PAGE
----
Six Degrees of Separation – July’s journey in six books

Six Degrees of Separation is possibly my favourite book tag, and is hosted by Kate over at Books are my Favourite and Best. Each month, she chooses a different book as a starting point, then it’s up to each participant to create a chain of 6 more books, each one linked to the one before. The connections can be thematic, personal, or even visual – the beauty is that everyone’s six degrees will be wildly different! If you want to join in (and it’s a lot of fun) check out the 6 Degrees page on the host blog for inspiration, or follow the #6Degrees hashtag on Twitter.

The jumping off point for July is What I Loved by Siri Hustvedt. It’s a book I haven’t read (although it’s one of those I really feel I should have done) but no matter: I know exactly where I’m going with my first connection!

4321 by Paul Auster

My first book is written by Siri Hustvedt’s husband, Paul Auster, whose earlier books I count among some of my favourite novels. This one, however, I just could not finish: I found it too repetitive and even though his writing style had lost none of its flair and fluidity, that sadly wasn’t enough to hold my attention. It’s always an immense disappointment to feel let down by a novel for which you had high expectations, and it’s that sense of deflation that links me to my next choice,

The Count of Monte Cristo by Alexandre Dumas

The Three Musketeers is one of my most beloved books of all time but this one? My word, it was slow going. Like 4321 I had to admit defeat before the end; I suspect part of the problem was that I came to the book after the film (the version with Jim Caviezel and Guy Pearce) which is a firm favourite and one I never get tired of. It’s very rare for me – or any bookworm I reckon – to prefer the movie over the book, but there’s one other novel that jumps straight into to my head as being the perfect example of this:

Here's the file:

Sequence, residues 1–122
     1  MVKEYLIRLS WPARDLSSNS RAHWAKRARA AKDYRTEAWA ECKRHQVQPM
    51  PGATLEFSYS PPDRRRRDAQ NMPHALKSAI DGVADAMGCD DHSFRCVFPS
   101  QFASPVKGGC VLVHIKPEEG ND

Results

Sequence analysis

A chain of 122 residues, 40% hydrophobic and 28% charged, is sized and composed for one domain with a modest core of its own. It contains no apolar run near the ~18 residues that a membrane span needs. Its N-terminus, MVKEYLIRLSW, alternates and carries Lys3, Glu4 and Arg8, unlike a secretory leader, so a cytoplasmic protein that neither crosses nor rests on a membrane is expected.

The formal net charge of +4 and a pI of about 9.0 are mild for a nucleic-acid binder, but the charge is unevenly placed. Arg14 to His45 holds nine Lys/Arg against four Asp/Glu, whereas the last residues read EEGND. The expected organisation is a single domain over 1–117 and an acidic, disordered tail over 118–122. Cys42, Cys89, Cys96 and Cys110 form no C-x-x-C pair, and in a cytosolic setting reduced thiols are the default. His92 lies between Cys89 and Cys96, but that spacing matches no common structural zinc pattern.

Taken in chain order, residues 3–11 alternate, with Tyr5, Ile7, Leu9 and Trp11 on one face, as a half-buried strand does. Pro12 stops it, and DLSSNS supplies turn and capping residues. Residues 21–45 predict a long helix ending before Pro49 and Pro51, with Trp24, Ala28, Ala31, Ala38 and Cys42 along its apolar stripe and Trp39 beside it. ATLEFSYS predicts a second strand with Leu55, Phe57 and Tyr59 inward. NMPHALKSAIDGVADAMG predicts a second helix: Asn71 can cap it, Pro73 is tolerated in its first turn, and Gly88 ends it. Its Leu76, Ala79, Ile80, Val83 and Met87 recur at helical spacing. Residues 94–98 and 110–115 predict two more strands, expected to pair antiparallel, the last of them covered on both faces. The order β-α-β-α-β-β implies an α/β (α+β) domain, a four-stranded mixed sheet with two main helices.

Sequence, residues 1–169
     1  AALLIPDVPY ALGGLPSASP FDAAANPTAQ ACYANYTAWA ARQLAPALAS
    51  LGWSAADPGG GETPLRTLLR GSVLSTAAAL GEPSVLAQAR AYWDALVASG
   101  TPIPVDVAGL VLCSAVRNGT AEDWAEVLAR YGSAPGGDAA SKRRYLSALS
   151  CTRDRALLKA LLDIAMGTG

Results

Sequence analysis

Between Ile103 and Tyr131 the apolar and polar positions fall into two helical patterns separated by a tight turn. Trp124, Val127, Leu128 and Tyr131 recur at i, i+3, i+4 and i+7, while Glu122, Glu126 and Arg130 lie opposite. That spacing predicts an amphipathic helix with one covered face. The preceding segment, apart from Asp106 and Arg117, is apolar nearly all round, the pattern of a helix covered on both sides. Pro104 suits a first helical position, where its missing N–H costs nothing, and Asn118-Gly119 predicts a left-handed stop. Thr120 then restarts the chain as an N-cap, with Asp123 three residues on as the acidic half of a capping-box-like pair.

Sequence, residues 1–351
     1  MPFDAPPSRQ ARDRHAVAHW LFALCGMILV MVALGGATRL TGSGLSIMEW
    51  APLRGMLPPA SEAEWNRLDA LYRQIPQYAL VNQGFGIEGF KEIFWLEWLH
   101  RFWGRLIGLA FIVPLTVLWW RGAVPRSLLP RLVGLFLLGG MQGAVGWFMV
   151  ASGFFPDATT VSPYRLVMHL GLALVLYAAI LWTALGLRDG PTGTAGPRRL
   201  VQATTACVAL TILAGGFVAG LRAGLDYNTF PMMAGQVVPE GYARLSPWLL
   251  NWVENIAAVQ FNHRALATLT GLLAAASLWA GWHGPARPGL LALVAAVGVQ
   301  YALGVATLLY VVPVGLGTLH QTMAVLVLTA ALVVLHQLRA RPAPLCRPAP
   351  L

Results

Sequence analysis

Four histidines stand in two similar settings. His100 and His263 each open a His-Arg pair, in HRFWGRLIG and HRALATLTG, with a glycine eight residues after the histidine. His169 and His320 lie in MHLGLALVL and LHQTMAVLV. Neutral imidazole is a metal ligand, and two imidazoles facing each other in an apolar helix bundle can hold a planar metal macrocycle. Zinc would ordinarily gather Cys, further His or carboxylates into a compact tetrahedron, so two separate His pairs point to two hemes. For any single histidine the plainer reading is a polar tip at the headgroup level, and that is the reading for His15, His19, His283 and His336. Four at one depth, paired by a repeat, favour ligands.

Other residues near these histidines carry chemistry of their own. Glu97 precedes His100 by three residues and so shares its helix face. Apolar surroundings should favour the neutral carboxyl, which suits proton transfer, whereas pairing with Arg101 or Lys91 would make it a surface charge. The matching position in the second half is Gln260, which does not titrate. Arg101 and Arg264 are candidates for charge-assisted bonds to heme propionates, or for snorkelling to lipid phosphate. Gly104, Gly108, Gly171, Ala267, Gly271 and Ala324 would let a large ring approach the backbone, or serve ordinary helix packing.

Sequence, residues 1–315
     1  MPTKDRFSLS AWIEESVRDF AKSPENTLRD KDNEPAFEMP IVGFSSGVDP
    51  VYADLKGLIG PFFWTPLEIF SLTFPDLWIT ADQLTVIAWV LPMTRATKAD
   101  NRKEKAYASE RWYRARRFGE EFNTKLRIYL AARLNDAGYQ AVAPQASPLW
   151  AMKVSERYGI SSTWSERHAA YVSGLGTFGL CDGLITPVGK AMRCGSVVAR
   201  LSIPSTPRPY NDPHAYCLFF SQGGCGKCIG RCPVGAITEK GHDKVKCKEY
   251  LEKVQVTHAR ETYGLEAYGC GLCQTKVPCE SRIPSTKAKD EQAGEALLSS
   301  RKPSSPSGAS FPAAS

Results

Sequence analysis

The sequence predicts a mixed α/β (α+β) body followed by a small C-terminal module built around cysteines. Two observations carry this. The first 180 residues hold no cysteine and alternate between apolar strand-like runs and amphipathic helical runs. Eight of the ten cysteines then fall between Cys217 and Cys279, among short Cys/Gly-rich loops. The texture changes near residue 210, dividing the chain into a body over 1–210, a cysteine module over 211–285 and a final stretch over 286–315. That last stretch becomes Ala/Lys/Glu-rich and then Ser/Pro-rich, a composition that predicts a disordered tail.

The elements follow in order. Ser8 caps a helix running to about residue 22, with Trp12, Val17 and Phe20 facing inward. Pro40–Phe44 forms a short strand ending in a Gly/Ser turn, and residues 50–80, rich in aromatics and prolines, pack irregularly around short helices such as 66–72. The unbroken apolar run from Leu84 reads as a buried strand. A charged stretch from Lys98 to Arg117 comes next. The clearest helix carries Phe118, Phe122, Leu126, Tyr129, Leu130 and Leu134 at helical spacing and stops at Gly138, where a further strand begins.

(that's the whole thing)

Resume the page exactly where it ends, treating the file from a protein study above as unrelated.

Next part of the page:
The Lord of the Rings by J R R Tolkien

Yes, I know it’s a classic and an unsurpassed example of fantasy world-building blah blah blah but my over-riding impression of it? A lot of walking interspersed with tedious elvish council meetings and digressions into the history of Middle Earth that feel, well, pretty self-indulgent. Sorry. Give me the movie trilogy any day of the week. I even own all the extended editions on DVD but in book form, not for me I’m afraid (although in case you’re sensing a theme emerging, I did actually finish it!) But I’m going to move away from the personal now and give you a bit of a different connection to my next book, this time via the author. Tolkien served in the trenches during World War I, and the creator of this next story went through the same experience.

Winnie the Pooh by A A Milne

Milne, like Tolkien, was at the Somme during WWI, but survived to write one of the most wondrous works of children’s literature ever created. One of my most enduring childhood memories is listening to the audiobook night after night – I can still hear Alan Bennett’s voice in my head when I read it today. When I was still quite young, my family and I went to the Ashdown Forest, which of course provided the inspiration for the book’s setting and many of its famous episodes – Pooh-sticks on the bridge being a particular highlight. It’s this connection between a real-life setting and my own personal experience that leads me to the penultimate book:

The Widow’s Confession by Sophia Tobin

Much of this novel is set in Broadstairs on the Kent coast, not a million miles away from where I live. And this is where being a bookseller certainly has its perks: I was lucky enough to attend the novel’s launch party, which took place in the hotel that forms the backdrop to some of the novel’s key events. This hotel, The Royal Albion, was built in the late 18th century, and boasts none other than Charles Dickens among its clientele. Dickens had connections to numerous part of my home county of Kent, so it seems fitting to end with a book of his that draws on the surroundings of his childhood home.

The Pickwick Papers by Charles Dickens

One of the funniest episodes of this joyful novel is the excursion taken by Mr. Pickwick and his friends around Rochester, Chatham and the Medway area of Kent. There’s something about the way the hapless companions fall into scrape after scrape and yet somehow always manage to emerge with their joie de vivre unscathed that leaves you with an enormous smile and feeling a little bit better about the world.

So that’s my six degrees for July – if you’ve joined in this month, please do comment and let me know; I’d love to see where your literary journey takes you.

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